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Professor Spotlight: Christopher Jones

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Dr. Christopher Jones is department chair and professor of biology at Moravian College. He received his B.A. in biology and Russian from Haverford College and his M.Phil. and Ph.D in molecular biophysics and biochemistry from Yale University.

What inspired you to go into your field of study?

I would have to say it was a somewhat twisted high school biology teacher whose sense of humor aligned well with my own outlook. I liked him a lot, I liked the subject, and I was pretty good at it. I still wonder if I’m good at the sorts of things I need to do as a biologist naturally, or if I’ve become good at them because I’ve been interested in biology. It’s a bit like solving a puzzle. You need to be organized and thorough and sort of obsessive-compulsive to some degree, and that works for me.

What research are you currently working on?

Currently, I am looking at mutations in fruit flies that cause them to have seizures. So, just like in people and in other animals, fruit flies do or can have seizures. They have a complex nervous system that allows for this. And so my laboratory students are looking at different genes that we’ve identified that, when mutated, when changed from the normal version, cause the fruit flies to have seizures when you bang the container that they’re in.

What do you think is the most recent important development in your field of study?

Well, [a] massively important [development] would be what’s called CRISPR technology, [which] is a technique, that, like many very, very powerful techniques in biology, began by scientists poking around at stupid stuff that nobody would have any interest in because it’s dumb and golly, look! A multi-billion [dollar] industry has risen out of scientists poking around! CRISPR particularly has enabled people, clinicians ultimately, to alter — to fix — genetic defects in any organism, in theory, that we want. And so the potential that it holds for human genetic diseases is off the charts.

What job would you have if you couldn’t be a professor, regardless of salary and job outcome? Why?

If I changed fields completely, I’d probably want to go into graphic design or computer programming or something like that, which weren’t really options when I was up and coming. I graduated college in 1981 and of course the Mac and personal computers [came out in] 1984, so I just missed that boat.

What do you know now that you wished you knew when you were in college?

Something that I’d say that I know now that is very important that I did not, I suspect, fully appreciate when I was in college is the importance of personal honor, keeping your word, and fulfilling obligations to yourself and others. I think I took this a bit casually, cutting corners and I didn’t go to class when I should have, and I regret that now.

What is your biggest student pet peeve?

There are so very many. Students who don’t pay attention. And I tell students, it’s very hard, I get that, it’s very hard to pay attention for fifty minutes, particularly if it’s boring to you. Also, [I get annoyed when students don’t] take things seriously enough at the right times. Students freak out about two points on an exam or what’s going to be on the test. I have fun with what I do. I joke, not always well, but I do, and there’s a place for that. But at the same time, fundamentally, at base, no matter how much I joke, it’s important, it’s serious, and you can joke about it and still pay attention and be serious about something. And I think a lot of students haven’t developed that yet in some sense. I’d probably go with that as number one.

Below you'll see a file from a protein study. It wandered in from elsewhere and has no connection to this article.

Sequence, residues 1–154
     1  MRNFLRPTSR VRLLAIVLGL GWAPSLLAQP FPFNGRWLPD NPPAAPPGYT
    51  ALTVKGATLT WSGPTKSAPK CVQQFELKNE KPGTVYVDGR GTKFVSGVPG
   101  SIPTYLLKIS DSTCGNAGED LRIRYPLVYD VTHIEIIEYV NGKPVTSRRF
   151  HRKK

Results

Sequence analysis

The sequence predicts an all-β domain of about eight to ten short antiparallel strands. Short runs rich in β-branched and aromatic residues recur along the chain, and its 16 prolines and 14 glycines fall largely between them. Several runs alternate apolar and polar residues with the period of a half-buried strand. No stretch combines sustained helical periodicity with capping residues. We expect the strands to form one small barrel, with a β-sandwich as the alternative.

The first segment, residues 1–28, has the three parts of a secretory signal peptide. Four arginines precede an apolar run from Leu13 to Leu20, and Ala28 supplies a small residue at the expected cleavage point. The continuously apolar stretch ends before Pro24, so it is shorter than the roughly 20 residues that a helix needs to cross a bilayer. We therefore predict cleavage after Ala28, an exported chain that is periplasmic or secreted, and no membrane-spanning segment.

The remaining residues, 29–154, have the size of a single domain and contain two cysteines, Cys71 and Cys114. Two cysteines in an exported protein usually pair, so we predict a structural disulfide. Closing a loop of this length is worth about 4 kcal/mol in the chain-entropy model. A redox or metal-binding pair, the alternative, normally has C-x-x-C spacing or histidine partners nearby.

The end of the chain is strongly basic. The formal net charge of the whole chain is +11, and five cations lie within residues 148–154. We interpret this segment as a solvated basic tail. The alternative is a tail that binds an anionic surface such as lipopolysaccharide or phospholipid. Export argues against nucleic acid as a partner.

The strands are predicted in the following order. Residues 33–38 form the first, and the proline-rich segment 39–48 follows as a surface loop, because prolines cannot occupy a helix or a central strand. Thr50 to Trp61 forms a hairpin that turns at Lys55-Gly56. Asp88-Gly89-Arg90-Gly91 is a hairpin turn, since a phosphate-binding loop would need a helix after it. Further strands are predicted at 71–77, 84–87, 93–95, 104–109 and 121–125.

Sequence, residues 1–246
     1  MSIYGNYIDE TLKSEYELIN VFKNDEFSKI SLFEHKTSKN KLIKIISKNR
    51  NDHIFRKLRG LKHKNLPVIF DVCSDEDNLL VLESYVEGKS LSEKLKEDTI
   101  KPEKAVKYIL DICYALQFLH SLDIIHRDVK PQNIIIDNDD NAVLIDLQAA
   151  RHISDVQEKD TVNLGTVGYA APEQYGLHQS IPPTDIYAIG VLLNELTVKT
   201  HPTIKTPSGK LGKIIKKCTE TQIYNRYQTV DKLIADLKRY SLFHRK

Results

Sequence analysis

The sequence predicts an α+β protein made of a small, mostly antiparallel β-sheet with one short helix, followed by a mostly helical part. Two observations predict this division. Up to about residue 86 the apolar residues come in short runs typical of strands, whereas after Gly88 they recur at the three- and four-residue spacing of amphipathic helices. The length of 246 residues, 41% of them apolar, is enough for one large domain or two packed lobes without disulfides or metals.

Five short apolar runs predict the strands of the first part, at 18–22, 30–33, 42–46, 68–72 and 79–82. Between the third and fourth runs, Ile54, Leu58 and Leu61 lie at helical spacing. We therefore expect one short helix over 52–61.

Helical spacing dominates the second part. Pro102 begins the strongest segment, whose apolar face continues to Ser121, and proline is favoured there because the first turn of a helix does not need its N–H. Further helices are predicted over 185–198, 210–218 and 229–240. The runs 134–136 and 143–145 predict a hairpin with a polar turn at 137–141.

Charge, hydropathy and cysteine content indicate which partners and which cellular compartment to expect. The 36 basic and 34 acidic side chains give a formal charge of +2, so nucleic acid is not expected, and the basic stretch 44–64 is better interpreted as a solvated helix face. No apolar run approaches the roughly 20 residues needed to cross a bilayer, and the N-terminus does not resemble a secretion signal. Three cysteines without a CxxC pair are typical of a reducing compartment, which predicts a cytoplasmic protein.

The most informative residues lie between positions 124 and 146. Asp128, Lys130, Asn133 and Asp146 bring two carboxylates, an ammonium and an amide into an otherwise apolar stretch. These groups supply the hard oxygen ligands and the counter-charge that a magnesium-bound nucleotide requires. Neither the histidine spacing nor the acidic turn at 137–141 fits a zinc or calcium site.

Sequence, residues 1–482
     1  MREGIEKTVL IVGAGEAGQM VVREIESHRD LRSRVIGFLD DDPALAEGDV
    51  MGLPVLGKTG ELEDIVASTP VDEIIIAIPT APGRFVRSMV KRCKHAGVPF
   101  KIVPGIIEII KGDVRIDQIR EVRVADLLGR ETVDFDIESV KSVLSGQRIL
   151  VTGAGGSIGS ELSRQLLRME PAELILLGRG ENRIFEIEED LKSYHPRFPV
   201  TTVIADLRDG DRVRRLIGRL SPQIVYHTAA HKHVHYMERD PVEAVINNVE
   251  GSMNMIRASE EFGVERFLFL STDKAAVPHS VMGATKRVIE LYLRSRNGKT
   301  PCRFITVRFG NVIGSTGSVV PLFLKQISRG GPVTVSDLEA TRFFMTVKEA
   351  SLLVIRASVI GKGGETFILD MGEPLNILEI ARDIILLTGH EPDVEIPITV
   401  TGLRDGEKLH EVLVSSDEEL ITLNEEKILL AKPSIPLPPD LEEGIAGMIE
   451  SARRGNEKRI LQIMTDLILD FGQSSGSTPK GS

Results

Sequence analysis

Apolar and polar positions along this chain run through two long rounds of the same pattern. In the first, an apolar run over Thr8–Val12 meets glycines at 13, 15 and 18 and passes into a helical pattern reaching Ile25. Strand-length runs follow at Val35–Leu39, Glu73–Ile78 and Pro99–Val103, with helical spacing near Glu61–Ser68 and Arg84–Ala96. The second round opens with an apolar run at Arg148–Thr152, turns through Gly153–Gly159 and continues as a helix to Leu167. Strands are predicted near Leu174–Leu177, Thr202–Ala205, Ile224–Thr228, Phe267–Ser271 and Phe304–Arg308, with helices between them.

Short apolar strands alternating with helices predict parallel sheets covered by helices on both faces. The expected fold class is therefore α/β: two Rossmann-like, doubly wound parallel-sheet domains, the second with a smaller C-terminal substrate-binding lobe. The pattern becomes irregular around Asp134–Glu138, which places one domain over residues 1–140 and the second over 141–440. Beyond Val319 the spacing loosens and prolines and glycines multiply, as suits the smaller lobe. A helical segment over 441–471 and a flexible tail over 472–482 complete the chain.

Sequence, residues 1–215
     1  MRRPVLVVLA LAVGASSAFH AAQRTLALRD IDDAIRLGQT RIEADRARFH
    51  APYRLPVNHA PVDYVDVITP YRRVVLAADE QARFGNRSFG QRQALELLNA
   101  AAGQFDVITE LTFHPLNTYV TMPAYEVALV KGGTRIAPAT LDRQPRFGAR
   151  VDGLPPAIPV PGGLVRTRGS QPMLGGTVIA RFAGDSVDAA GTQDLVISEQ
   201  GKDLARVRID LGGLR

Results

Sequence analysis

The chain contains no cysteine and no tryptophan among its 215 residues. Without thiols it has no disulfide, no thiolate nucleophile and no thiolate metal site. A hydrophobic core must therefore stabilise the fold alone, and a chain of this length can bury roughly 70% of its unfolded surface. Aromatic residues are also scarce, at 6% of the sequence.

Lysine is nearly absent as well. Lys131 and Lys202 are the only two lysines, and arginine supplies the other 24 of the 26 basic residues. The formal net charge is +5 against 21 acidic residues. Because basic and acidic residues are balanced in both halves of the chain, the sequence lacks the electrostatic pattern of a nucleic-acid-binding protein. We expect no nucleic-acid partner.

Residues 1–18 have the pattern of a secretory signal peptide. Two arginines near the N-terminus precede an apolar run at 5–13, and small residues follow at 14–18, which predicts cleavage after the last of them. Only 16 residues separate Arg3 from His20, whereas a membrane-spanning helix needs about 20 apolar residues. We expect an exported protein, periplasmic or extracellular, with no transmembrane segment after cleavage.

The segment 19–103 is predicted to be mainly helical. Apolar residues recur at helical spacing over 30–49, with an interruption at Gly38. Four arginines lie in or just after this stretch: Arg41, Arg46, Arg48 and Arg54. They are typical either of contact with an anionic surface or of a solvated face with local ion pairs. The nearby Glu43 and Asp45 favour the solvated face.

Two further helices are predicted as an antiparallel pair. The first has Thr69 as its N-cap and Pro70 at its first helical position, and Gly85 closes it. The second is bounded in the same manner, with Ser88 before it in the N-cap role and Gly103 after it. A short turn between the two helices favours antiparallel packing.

What was the last streaming show you binge-watched or the last good book you read?

I’ve never binge-watched a show. I haven’t owned a television for decades. And I don’t have Hulu or Netflix or anything like that on my computer. What was the last book that I read? I frankly don’t remember. I read other things now. I did reread Friedrich Dürrenmatt’s The Visit, and I’m thinking about possibly staging that [play] at some point.

What is something interesting about you that most people don’t know?

When I first came to Moravian, I did not own any Hawaiian shirts. They were all my dad’s. He died and I cleaned out his closet of all his Hawaiian shirts. But I think people now associate me a lot, in the spring particularly, with the Hawaiian shirts.

What’s your spirit animal and why?

I don’t have a spirit animal to the best of my knowledge. I’m not familiar with that religious tradition enough; I could pick something, but that seems sort of trivializing. [The animal] I identify with is] probably a fox because of the traditional trickster motif, in a lot of mythologies [like] Japanese, for example.

You’re a man of science, but you’re heavily involved in the arts, so what’s that crossover like? What makes you think science and art are a good combination?

Historically, you can go back and there’s a common meme or trope or whatever you want to call it that many scientists like music. I don’t know if that’s really true. I don’t know if anyone’s looked statistically, are scientists more likely to be musically inclined? For me, I got involved in theatre in high school, about the same time I was getting involved in science. It’s work, it’s rewarding, but it’s different from my day job, so in some sense, it’s refreshing. I don’t want to go with that whole goofy left-brain/right-brain thing, because it’s not as simple as that. The two interests complement each other in ways that work for me.

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